Do the Latest Job Numbers Point the Way Towards Recession?Adam Gardiner
After a January jobs report that saw over 300,000 jobs added to the economy, most economists expected a milder February, with consensus estimates expecting about 180,000 new jobs. It came as a huge shock, then, that only 20,000 new jobs were added in February. That was one of the worst numbers in years, and feeds into fears that the economy is on the edge of recession.
Officials were quick to blame bad weather for much of the disappointing miss, as they always do, but bad weather alone can’t be solely responsible for such a bad miss. Besides, analysts presumably figured in the effect of weather when making their predictions. And because a 20,000-job gain is probably well within the margin of error, it basically means that the economy ground to a halt in February in terms of job creation.
The real test will be in the coming months to see whether job creation remains similarly anemic. March isn’t exactly turning out to be great in terms of weather in many areas of the country, so that could continue to have an impact. And sanctions, or the threat of them, could be keeping many companies from hiring until they can be assured of any potential impact.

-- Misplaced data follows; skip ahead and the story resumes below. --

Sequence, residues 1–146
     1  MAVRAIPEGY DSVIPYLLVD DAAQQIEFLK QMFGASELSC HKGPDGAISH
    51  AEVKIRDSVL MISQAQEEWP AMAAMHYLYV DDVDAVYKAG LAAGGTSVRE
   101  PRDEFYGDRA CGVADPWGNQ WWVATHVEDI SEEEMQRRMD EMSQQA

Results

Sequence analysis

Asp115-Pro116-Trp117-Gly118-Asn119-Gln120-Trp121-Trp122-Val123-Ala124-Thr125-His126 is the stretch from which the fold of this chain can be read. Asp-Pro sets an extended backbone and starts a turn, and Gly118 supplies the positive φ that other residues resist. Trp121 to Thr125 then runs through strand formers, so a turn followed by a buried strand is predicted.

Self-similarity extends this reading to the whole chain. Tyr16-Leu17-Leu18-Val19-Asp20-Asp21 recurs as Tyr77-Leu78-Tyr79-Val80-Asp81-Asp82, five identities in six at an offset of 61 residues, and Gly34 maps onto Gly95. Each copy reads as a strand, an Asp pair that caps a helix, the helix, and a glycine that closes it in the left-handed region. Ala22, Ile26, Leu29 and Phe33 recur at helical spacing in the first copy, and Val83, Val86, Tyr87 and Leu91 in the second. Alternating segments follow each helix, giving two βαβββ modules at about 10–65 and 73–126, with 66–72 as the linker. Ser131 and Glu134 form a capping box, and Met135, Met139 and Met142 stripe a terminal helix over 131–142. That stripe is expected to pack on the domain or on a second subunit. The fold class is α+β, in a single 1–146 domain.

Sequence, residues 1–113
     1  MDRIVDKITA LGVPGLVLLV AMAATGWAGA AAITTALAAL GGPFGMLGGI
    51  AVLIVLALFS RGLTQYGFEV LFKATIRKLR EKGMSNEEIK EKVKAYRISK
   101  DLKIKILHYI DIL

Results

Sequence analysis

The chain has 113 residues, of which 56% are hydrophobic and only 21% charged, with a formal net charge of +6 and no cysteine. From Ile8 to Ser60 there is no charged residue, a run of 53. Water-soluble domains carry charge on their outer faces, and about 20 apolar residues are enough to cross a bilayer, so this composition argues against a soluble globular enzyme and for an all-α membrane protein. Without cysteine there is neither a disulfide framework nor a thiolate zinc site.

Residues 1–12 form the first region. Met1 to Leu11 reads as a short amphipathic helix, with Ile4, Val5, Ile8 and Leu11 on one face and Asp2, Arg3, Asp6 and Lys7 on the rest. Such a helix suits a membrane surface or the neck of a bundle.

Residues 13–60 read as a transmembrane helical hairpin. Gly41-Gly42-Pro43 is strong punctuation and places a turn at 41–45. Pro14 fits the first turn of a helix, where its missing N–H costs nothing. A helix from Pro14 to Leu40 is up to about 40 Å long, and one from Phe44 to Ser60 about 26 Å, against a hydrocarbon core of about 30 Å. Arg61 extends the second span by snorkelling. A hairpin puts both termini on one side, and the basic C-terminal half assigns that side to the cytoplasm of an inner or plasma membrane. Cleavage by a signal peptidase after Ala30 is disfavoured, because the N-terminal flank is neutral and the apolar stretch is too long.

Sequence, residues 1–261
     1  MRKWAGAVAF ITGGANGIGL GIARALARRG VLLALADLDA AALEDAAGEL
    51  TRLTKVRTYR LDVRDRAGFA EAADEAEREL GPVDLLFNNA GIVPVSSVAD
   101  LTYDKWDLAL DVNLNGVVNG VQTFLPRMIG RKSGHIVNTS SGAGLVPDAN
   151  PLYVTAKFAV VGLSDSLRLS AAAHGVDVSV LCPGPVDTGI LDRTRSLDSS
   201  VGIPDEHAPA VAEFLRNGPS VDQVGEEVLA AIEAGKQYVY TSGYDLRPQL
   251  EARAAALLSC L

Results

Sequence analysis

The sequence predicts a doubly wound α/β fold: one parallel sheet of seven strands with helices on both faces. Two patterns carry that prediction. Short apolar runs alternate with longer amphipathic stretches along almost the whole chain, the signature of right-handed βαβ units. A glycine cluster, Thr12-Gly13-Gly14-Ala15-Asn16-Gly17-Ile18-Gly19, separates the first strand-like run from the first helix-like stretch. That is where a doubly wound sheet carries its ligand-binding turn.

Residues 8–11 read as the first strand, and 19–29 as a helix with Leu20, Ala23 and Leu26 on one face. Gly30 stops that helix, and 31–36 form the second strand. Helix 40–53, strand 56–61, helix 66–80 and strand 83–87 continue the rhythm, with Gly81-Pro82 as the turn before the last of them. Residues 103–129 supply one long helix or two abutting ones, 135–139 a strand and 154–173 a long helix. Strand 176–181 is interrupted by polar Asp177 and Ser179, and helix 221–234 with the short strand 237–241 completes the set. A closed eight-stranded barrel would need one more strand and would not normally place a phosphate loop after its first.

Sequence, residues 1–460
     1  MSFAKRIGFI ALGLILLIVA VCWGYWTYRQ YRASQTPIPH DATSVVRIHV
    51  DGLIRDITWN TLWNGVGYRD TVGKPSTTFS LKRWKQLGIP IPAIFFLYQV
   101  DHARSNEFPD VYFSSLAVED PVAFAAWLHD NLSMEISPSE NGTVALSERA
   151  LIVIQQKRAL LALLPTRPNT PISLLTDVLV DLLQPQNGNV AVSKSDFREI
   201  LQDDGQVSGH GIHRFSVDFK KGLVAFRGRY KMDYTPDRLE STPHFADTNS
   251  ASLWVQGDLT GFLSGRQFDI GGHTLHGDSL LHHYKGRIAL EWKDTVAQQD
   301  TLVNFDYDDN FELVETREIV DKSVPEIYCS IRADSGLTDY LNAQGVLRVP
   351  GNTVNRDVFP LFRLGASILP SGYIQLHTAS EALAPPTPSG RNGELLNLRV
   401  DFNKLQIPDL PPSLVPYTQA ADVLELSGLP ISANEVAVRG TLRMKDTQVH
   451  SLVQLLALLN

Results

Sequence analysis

And of course, we could just be seeing the tail end of the business cycle. With January having added over 300,000 jobs, February could be the harsh wake-up call that the post-financial crisis boom is finally over. With stock markets once again showing signs of weakness, it’s only a matter of time before investors everywhere realize that the economy is in serious trouble.
All the warning signs are here that the economy is about to enter a downturn, yet many investors remain blind to the dangers. They’re still hoping for stocks to resume their upward growth, for the Dow to break above 27,000 and the S&P 500 to break 3,000. They haven’t done anything to protect their assets, like by investing in gold, so when the downturn comes they’ll suffer tremendously for their inaction.